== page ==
The million dollar question you’ll always get asked pre, post or during fashion month is: “Where are you sitting? It’s with great thanks to films such as The Devil Wears Prada even people outside the fashion industry can somewhat understand the importance of front row fashion politics. Unfortunately, because this film was abysmal and written by people who had apparently never set foot in a fashion show, they didn’t really explain why that is, how it works, and what it feels like to be cast out from the front row. Thus, in this current era of social media insanity, the revelation about where you are actually seated are not based on the fundamentals of hierarchy or influential status.
As with most things in the fashion world, the issue is simultaneously extremely superficial while having a hint of a useful function. I am rather perplexed as to why having a bunch of celebrities that aren’t affiliated with the brand is a good look? Note, front row at Tom Ford – day one officially of New York Fashion Week sat actress, Julianne Moore, model Rosie Huntington Whiteley, ex One Direction boyband member, Zayn Malik, dare I even say any more names. But truth be told on another note – in this current climate of paradigm shifts in our media and industries, not one person of colour sat in the front row; never mind anyone with a brain.
Image via Twitter: @hailsupdates
The seating plan chart is executed by a designer’s publicist and it is as hierarchical as the most feudal of medieval courts. The row in which you are placed is a colossal public statement, to you as well as to your colleagues, of how importantly a designer values you and your publication.
The Devil Wears Prada movie gave you a key indication – I’m sure, but typically the front row is reserved for the most important fashion editors, titans like US Vogue’s Anna Wintour and New York Times Vanessa Friedman and of course, the ubiquitous ‘celebrities’. Second row is for the slightly less important and you can forget it if you are third or fourth as that is pretty much for the fashion Siberia.
I’m confused. By the shows. The dumbfounded publicists who play a game of live chess with your life and where your ass goes among but we can’t forget the special mention to the snobbery at the doors – Intern or glorified assistant with an iPad or clipboard. To me, fashion month has always represented the pinnacle of events, the groundbreaking industry that is worth £32 billion and is predicted to grow 23% by 2020 is being tarnished by the sheer foolery and lack of support by the brands who are more interested in being hot for the moment, rather than developing sustained longevity for their brand name. This is not a matter to be taken lightly!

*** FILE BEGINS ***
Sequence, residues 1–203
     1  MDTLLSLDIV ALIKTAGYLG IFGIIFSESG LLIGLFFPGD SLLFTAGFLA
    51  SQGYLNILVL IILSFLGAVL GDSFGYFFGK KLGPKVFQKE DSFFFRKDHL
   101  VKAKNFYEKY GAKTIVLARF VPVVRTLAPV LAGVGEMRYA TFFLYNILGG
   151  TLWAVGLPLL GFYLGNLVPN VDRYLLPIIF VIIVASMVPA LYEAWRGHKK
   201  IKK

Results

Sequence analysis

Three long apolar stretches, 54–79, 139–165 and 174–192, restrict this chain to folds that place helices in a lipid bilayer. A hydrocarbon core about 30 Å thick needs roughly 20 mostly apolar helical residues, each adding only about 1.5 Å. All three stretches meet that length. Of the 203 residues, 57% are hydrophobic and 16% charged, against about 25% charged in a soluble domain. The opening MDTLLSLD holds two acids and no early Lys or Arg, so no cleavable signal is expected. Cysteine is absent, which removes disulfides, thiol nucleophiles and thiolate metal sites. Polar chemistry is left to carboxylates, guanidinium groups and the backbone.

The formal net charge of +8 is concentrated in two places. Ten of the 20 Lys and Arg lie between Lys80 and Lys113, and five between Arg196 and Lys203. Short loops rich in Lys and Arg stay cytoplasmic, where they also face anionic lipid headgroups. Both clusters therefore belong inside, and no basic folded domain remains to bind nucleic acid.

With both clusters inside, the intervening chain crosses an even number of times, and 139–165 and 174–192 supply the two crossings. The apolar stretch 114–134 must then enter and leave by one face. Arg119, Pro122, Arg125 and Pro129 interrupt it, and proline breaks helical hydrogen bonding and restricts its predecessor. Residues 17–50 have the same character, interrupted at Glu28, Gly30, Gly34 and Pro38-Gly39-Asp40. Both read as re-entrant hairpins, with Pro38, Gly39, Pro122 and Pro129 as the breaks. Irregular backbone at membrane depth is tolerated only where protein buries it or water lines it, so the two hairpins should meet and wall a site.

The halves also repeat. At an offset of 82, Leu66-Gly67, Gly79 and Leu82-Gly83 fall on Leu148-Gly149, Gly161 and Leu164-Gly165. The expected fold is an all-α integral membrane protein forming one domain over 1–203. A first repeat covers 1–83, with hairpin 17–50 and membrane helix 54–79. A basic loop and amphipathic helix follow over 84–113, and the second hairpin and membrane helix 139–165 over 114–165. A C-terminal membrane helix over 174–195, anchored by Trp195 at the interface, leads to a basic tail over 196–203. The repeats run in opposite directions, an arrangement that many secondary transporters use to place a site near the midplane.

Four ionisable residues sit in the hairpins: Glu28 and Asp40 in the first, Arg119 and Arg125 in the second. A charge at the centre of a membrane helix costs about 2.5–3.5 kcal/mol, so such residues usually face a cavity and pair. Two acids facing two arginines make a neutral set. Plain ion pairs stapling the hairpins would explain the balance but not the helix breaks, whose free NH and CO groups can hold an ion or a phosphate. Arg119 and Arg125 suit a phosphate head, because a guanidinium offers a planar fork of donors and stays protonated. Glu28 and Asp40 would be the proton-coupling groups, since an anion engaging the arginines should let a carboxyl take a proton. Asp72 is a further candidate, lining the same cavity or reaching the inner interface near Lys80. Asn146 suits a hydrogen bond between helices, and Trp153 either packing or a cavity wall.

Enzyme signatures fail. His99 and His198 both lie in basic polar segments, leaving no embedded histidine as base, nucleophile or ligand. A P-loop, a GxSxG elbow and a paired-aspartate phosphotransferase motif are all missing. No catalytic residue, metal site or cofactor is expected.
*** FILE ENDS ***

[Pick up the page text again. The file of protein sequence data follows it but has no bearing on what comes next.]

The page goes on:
I feel like I am witnessing the crumbling of a once great empire that boasted accomplished generals on its frontlines, but instead has now been replaced with incompetent unskilled soldiers and useless family members. Fact. The Beckhams. Sunday – New York Fashion Week, Victoria’s 10th year anniversary show (and like every other show) the tribe of unskilled children sit next to a cheating man that is their Dad. End result? Cheap publicity photos of the miserable pipe-cleaner kissing her brood splashed across the Daily Mail.
Image via Twitter: @victoriabeckham
But it is on a serious note I have to say, someone such as myself, who lives and breathes fashion, I have made numerous trips across the pond to report on the trends, international start-ups, designers and groundbreaking sartorial styles to many of you, my global readers. I am dedicated to analyzing and disassembling the intricacies of the fashion industry through thought-provoking writing and therefore was named one of the top bloggers in the world. This, I feel is called hard work.
I feel that now, New York, London, Milan and Paris Fashion Weeks and others across the globe, disregard substance, and instead values advertising the insipid clique of fashion nobodies on its front rows.
So tell me? Where are the fashion pioneers? The luminaries? What about the future Suzy Menkes, NYT’s Vanessa Friedman or Vogue Runway’s Nicole Phelps? Those unique industry game-changers and those that will articulate the intellectual impact of a runway show? Those who also write regardless of name, magazine or title on their business cards?
Well, not on the current front row, I can tell you.